In your service,

Dan

 A tale of two budgets
A brief comparison of the House and Senate budget proposals
PROPOSAL House Democrat
Operating Budget
Senate Majority Coalition Caucus Operating Budget
Taxes Relies on $1.5 billion in new taxes and tax increases including: a new capital gains income tax, an increase in the B&O tax for service businesses, and extension of the sales tax to bottled water and to Internet purchases No new taxes. Allows 15 exemptions to expire. Budget would make state live within existing revenues (which includes a $3 billion increase in revenues without tax hikes.)
Spending Would spend $38.9 billion -- up from current $33.8 billion budget -  a 15 percent increase Would spend $37.8 billion
K-12 education $740 million for maintenance, supplies and operations $741 million for maintenance, supplies and operations
 All-day kindergarten  $180 million  $184 million
Higher education tuition  Would freeze tuition rates Would decrease existing tuition prices by 25 percent
State employee compensation Three percent increase in 2016 and 1.8 percent increase in 2017 $2,000 raise for all state employees. Up to 25,000 of the state's lowest-paid workers would receive higher wages than the negotiated collective bargaining agreement
Eliminates the state spending limit? Yes No
Savings held for emergencies Only $4 million would remain in the state's ending fund balance for 2017-19 $500 million left in the bank, plus $900 million for state's rainy day fund
I-1351 class-size funding Includes only full-day kindergarten and class-size reductions already called for under McCleary decision. Voters will not get to decide Would pay for class-size reductions for kindergarten through third grade. Would send the proposed change back to voters to decide in November
State Representative Dan Kristiansen
39th Legislative District
335C Legislative Building - P.O. Box 40600 | Olympia, WA 98504-0600
(360) 786-7967 or Toll-free: (800) 562-6000
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Kristiansen E-mail Update: Q and A on the House Democratic operating budget proposal | April 3, 2015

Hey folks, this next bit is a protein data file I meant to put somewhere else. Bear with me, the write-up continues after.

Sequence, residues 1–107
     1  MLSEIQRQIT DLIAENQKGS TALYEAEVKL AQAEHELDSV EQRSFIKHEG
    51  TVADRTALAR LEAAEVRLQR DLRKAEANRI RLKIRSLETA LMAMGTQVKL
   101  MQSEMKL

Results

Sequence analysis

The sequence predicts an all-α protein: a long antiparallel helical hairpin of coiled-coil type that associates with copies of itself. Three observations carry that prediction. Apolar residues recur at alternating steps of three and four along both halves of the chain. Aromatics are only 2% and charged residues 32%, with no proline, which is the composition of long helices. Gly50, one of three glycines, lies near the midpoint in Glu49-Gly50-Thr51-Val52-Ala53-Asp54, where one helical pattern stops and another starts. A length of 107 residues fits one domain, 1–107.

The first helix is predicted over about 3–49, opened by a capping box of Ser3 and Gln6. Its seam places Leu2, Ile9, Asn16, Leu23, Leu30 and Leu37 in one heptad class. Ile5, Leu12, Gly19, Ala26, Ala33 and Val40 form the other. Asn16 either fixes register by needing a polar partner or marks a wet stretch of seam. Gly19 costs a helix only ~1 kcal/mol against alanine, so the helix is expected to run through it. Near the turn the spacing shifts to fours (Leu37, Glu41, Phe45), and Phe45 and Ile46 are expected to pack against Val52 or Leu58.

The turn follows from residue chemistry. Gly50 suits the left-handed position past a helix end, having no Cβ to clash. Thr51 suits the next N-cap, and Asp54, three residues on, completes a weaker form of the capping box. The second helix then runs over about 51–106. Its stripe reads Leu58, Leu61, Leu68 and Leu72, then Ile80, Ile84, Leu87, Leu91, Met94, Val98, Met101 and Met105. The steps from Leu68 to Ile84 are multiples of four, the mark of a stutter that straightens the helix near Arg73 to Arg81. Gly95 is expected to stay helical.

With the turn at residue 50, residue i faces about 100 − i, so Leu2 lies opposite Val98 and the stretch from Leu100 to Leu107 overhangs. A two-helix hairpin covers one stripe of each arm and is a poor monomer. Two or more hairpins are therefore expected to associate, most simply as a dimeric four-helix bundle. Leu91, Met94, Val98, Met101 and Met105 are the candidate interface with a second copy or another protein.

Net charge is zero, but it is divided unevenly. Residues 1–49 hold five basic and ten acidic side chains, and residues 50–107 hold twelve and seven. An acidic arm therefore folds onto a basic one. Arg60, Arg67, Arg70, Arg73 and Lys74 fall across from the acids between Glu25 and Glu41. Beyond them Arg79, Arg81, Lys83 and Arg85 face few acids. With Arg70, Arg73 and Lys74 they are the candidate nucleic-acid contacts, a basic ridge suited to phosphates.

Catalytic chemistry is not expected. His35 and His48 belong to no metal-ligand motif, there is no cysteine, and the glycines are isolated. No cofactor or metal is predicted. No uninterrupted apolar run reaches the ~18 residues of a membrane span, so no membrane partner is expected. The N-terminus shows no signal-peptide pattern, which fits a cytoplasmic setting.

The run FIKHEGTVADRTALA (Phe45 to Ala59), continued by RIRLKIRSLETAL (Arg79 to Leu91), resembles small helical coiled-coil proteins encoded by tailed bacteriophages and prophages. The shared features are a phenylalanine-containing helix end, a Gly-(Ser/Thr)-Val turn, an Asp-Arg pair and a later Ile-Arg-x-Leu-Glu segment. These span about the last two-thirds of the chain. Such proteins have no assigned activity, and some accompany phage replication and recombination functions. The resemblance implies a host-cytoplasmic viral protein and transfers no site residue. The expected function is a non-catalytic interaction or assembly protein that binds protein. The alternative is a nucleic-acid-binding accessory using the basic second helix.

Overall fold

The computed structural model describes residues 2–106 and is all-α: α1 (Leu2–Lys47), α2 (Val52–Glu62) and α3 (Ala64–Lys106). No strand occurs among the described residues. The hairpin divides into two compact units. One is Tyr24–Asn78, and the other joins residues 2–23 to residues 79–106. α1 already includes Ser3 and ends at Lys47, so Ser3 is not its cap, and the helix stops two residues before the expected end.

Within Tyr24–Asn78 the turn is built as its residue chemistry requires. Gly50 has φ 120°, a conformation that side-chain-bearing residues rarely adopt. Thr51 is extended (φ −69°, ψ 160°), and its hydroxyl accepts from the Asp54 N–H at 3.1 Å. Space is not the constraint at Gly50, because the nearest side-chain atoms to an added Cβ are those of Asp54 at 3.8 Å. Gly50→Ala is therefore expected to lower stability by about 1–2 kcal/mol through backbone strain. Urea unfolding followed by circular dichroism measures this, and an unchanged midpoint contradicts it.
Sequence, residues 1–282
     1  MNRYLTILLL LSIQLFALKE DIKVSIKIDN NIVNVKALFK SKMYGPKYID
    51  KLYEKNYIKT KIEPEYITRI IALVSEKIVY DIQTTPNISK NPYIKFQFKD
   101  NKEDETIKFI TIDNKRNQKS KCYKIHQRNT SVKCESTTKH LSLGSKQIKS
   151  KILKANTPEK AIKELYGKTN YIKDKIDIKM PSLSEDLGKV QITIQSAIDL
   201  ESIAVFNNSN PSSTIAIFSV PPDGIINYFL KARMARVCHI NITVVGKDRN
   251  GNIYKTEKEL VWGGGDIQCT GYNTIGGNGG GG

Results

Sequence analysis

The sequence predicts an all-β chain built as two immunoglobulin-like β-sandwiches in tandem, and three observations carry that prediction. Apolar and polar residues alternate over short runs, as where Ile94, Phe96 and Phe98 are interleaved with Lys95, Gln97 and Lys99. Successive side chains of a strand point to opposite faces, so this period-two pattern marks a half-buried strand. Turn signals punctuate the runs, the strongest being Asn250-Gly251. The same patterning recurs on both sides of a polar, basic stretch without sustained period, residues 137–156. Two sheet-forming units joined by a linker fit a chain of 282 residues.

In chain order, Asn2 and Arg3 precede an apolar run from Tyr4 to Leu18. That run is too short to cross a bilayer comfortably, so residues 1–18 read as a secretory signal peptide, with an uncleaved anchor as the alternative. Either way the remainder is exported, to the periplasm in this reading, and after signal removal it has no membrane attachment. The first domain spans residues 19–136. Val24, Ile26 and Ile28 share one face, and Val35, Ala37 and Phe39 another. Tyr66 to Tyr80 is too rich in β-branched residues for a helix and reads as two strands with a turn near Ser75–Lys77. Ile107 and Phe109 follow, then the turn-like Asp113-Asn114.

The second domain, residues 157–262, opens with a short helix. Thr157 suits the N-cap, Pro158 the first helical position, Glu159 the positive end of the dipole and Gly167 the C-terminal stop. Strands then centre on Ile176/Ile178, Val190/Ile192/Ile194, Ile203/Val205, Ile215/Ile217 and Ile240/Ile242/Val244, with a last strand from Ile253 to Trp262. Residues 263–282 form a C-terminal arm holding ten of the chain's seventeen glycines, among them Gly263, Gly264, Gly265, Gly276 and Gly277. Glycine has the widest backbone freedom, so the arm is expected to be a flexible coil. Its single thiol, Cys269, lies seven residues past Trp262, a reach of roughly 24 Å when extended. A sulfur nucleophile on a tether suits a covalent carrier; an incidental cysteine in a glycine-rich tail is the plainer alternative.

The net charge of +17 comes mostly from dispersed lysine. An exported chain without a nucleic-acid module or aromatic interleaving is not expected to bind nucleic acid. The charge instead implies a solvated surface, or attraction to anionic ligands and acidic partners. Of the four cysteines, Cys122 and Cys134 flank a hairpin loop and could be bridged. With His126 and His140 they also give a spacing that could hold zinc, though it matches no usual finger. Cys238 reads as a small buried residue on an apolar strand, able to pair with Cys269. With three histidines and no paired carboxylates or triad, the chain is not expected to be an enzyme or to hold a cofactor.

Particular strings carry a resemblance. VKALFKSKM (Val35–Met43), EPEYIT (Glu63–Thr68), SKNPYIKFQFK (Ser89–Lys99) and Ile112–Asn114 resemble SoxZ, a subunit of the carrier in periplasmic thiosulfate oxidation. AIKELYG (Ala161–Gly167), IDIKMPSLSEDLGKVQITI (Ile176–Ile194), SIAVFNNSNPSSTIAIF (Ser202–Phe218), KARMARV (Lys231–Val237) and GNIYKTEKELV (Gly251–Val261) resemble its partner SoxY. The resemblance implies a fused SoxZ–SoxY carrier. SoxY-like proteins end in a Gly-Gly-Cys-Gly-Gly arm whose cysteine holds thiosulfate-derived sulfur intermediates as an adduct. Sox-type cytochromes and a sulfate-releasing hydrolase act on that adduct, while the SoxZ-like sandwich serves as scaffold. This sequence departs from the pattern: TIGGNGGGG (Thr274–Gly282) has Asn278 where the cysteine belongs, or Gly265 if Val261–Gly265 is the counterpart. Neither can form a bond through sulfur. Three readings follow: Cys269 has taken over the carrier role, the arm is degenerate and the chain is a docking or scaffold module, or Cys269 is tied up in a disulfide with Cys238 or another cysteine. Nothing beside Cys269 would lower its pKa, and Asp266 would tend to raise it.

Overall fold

Dear Friends and Neighbors:

House Democrats released their operating budget proposal on Friday. They were originally going to hold a public hearing only two hours later. However, they agreed to wait until Monday after I wrote a letter to House Speaker Frank Chopp, which was signed by my Republican leadership team, asking him to give the public time to review and digest the document before holding a public hearing.

You can view the House Democratic operating budget spending plan here. It is House Democrat budget proposalcontained within House Bill 1106, which was voted off the House floor yesterday on a party-line vote, 51-47, with Republicans voting no. On Tuesday, the House Finance Committee held a public hearing on House Bill 2224, the tax increase proposal. It has yet to pass from the Finance Committee, so the budget that passed yesterday based on these taxes is essentially not completely funded.

Senate Republicans (Majority Coalition Caucus) also released their operating budget proposal Monday. It seems to be a more responsible package that does not rely on tax increases, but prioritizes spending in the budget. They were debating their version overnight last night and into the early morning hours before calling it quits without a final vote. They're expected to take up their budget again later. We'll examine that spending plan more closely in this e-newsletter next week.